“I just love to show off”: the effects of a professional participatory music programme on people with dementia and their carers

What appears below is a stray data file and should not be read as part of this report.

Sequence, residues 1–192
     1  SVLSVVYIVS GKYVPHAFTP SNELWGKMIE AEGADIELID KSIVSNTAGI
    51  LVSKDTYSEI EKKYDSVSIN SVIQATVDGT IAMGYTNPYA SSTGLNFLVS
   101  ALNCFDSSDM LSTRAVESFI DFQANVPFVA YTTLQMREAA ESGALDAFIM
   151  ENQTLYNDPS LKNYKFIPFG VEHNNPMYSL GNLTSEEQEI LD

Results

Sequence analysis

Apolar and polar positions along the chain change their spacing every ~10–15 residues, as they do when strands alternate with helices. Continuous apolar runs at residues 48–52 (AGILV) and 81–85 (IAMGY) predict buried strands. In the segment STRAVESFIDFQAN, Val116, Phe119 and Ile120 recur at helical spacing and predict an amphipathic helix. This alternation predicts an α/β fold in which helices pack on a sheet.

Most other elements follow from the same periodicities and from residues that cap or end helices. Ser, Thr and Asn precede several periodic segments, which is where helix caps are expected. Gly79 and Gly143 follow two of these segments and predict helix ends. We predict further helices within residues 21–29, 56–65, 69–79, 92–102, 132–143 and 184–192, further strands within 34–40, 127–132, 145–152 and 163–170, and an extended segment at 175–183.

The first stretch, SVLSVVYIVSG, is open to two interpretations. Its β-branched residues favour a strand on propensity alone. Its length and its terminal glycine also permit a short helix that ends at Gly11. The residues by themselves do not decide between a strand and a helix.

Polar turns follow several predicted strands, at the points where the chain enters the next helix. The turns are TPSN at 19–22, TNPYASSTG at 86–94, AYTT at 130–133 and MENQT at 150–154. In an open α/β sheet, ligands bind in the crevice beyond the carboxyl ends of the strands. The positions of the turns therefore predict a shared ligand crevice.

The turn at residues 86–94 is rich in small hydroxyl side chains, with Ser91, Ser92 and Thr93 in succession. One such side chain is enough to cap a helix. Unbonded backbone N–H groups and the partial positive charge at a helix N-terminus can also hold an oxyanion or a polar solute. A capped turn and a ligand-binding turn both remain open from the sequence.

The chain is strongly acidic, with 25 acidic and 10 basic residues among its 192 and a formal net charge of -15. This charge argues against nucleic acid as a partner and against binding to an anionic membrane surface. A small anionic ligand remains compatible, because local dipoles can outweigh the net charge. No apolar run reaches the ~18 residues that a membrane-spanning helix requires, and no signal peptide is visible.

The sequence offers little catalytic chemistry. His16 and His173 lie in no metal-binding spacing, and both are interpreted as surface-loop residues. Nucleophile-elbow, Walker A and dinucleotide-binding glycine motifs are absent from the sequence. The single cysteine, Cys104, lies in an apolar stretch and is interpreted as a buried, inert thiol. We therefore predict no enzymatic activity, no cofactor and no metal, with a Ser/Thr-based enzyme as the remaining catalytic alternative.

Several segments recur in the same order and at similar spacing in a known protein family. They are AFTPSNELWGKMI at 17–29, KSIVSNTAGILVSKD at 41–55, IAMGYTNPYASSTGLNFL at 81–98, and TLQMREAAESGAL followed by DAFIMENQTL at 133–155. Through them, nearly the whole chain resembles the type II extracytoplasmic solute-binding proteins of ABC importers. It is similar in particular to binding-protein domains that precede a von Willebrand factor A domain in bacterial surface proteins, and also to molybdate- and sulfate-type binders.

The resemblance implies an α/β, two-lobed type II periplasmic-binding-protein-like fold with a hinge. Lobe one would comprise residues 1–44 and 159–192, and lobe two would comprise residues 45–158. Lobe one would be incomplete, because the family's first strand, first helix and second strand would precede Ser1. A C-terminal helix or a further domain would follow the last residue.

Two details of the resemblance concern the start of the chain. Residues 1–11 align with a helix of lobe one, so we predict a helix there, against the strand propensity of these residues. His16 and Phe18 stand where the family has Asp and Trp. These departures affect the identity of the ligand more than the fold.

Music as a form of therapy for people with dementia is a unique and increasingly common intervention, because musical memory tends to remain preserved from the effects of dementia. Recently, arts organisations have developed programming for people with dementia and their carers, and Scottish Opera appears to be the first music organisation to do so in the form of a programme called Memory Spinners. However, little research has been conducted on an ongoing participatory music programme for people with dementia and their carers hosted by a professional arts organisation. This qualitative case study, based on semistructured interviews with four people with dementia and carer couples, explores the ways participants are affected by participating in Memory Spinners, from their perspectives. A thematic analysis of the data uncovered four interrelated themes. The first discusses effects regarding sociality and relationships. However, it was discovered that those with cognitive impairments need an activity, rather than socialisation alone. The second discusses how music was found to be the activity of most value to participants, because the relationship of dementia with musical memory makes it accessible to all. The third discusses how the programme’s professional environment facilitated artistic quality and continued learning. This environment, unrelated to healthcare, also facilitated an environment of equality. Furthermore, the professionalism presented a structure involving working towards a performance, provoking the most influential theme that discusses resulting feelings of achievement, confidence and agency in participants. Ultimately, the effects most important to participants are related to their own identity and personhood, provoking more research that goes beyond observing changes in dementia symptoms. While programmes like Memory Spinners cannot change the reality of those living with dementia, this study finds that they can have positive effects on participants.